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UAH researchers discover brightest gamma-ray burst ever

HUNTSVILLE – Researchers with the University of Alabama in Huntsville Center for Space Plasma and Aeronomic Research have discovered a gamma-ray burst that ranks as the brightest ever observed. Believed to have been triggered by collapse of a massive star, the burst is approximately 2.4 billion light-years away in the constellation Sagitta and  is accompanied by a supernova explosion, giving birth to a black hole.

Dr. Peter Veres, an assistant professor with CSPAR; Dr. Michael S. Briggs, CSPAR principal research scientist and assistant director; and Stephen Lesage, a UAH graduate research assistant, collaborated on the discovery and analysis of the gamma-ray burst. The researchers operate the Gamma-ray Burst Monitor at UAH.

The GBM is an instrument in low-Earth orbit aboard the Fermi Gamma-ray Space Telescope that can see the entire gamma-ray sky not blocked by the Earth and hunts for GRBs as part of its main program. It is managed at the Marshall Space Flight Center.

“This gamma-ray burst was extremely bright. We expect to see one like this only every 10,000 years or so,” said Veres. “We routinely detect GRBs at a rate of about five per week and keep an eye out if any of the GRBs are special in some way. This one was so bright, the instrument couldn’t keep up with the large number of incoming photons.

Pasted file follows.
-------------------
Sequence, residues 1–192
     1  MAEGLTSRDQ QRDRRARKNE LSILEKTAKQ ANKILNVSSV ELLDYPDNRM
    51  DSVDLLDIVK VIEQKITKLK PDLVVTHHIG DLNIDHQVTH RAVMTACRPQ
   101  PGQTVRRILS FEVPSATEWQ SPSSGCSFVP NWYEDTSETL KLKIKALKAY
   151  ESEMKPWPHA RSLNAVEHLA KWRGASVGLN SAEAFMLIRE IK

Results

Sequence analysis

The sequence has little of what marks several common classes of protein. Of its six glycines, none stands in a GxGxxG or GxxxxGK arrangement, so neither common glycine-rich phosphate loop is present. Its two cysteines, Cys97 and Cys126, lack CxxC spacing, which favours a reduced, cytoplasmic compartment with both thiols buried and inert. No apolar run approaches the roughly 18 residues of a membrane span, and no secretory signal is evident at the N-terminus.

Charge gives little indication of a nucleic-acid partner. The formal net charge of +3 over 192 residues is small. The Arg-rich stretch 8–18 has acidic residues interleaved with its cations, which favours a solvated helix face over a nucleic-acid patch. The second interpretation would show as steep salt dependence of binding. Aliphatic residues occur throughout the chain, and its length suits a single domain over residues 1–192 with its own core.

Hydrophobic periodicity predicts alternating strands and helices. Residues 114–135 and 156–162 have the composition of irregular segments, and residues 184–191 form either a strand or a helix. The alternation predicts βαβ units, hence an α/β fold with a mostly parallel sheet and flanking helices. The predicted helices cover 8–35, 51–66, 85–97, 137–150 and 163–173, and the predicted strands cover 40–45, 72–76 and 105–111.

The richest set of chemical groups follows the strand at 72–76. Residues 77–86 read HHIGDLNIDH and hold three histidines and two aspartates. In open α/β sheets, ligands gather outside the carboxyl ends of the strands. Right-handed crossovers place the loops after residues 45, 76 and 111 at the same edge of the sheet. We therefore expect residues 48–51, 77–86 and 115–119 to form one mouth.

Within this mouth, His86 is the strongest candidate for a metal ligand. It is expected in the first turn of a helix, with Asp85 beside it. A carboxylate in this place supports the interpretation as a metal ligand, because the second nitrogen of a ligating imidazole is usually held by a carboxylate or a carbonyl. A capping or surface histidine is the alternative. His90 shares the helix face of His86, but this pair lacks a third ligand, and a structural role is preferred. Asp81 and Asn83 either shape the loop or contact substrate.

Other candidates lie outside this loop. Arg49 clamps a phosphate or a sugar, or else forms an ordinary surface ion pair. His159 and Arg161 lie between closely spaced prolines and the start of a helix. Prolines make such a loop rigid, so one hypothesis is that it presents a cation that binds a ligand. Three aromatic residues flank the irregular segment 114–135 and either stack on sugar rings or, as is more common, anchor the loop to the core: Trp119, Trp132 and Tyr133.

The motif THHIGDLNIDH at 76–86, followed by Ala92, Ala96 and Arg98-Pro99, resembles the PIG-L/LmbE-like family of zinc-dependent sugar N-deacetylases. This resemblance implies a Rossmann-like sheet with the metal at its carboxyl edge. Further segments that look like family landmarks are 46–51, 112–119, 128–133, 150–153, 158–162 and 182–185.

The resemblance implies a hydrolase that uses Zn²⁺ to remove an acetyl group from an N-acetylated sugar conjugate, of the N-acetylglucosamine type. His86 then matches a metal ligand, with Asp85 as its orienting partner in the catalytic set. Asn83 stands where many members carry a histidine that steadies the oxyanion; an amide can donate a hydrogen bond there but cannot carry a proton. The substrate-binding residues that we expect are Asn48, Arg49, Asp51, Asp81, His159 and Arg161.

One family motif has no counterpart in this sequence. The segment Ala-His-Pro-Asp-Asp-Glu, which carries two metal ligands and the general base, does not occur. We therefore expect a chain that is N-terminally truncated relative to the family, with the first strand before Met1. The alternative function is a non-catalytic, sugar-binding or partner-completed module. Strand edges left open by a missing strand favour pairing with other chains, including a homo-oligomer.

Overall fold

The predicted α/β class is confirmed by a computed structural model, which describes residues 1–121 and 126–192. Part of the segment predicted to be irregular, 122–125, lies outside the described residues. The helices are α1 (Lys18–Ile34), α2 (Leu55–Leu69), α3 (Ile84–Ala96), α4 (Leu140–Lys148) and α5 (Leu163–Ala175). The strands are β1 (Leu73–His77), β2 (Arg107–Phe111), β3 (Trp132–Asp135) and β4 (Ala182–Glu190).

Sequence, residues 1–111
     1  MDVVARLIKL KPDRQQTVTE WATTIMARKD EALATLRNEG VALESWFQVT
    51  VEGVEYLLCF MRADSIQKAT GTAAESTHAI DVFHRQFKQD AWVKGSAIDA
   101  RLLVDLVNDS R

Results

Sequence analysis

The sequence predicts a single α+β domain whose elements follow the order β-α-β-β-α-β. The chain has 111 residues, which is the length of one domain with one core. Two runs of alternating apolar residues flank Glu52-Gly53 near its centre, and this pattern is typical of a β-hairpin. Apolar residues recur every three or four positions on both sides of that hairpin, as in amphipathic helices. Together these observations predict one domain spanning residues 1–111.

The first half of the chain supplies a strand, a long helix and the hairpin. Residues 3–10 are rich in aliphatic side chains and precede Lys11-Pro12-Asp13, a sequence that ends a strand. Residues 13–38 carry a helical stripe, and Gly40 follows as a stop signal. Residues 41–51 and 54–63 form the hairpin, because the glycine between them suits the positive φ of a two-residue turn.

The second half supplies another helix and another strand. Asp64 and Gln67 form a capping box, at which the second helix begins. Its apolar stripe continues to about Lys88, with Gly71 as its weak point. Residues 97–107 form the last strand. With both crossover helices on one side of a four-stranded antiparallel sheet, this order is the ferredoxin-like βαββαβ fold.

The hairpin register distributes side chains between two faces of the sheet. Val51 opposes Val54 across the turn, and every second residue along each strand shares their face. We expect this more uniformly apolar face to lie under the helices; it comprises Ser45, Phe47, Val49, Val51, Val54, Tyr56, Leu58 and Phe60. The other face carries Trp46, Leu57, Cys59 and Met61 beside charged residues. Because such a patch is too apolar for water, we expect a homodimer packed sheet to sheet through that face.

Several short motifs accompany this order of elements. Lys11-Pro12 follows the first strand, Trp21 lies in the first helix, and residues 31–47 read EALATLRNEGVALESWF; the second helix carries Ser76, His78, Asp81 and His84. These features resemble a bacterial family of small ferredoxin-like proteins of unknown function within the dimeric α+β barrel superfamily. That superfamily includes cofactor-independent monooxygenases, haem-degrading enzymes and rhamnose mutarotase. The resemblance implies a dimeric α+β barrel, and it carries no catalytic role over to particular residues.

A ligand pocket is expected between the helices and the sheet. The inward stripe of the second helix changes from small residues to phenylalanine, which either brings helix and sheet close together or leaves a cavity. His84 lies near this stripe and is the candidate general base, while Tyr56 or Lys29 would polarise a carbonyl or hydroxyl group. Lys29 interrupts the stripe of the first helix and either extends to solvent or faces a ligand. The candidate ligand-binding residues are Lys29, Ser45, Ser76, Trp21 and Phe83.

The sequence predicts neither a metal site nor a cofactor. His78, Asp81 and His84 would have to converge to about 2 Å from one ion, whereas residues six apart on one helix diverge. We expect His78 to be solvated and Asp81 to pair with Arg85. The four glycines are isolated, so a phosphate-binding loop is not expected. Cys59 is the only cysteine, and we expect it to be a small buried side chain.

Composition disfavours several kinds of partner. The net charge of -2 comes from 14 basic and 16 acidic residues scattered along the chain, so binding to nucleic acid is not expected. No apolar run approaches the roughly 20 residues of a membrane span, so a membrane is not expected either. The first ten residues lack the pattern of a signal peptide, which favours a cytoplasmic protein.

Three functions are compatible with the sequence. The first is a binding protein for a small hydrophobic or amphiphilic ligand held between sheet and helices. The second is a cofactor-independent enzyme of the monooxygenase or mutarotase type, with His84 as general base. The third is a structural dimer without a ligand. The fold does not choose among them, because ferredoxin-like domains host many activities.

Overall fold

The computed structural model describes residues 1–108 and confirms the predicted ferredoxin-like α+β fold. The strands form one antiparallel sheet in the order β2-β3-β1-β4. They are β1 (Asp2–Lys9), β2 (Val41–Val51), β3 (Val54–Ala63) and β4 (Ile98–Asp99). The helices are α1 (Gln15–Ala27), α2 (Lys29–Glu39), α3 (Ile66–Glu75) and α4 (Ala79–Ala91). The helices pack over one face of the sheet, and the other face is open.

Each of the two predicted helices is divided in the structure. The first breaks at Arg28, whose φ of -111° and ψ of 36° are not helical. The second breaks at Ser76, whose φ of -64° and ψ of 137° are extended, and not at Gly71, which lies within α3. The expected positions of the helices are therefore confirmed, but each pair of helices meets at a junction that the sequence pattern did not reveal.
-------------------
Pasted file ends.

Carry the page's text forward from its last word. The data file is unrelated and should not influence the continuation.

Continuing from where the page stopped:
“Most of the work, led by Stephen Lesage, was to figure out how to reconstruct the lost counts.”

Gamma-ray bursts come from random directions, so the GBM must watch as much of the sky as possible at all times. The GBM consists of 12 detectors made of sodium iodide for catching X-rays and low-energy gamma rays and two detectors made of bismuth germanate for high-energy gamma rays.

When the gamma rays enter these detectors, they interact with crystals in the instrument. The more energetic the gamma ray, the more light is produced. By seeing which crystals light up, the GBM can tell the direction of the bursts. In all, the Fermi instrument has discovered more than 3,500 GRBs, and this was the brightest detected.

“During a GRB, we see the death of a massive star, approximately 30 times more massive than the Sun, and the formation of a black hole,” Veres said. “The black hole launches a very fast jet close to the speed of light, and the jet will produce the gamma-ray burst. At later times, GRBs are visible at other wavelengths as well, from radio, or optical through very high-energy gamma-rays, which is called the afterglow of the GRB.

“This GRB was so bright, the afterglow showed up in the Gamma-ray Burst Monitor, which is very uncommon, and we could follow it for almost three hours.”

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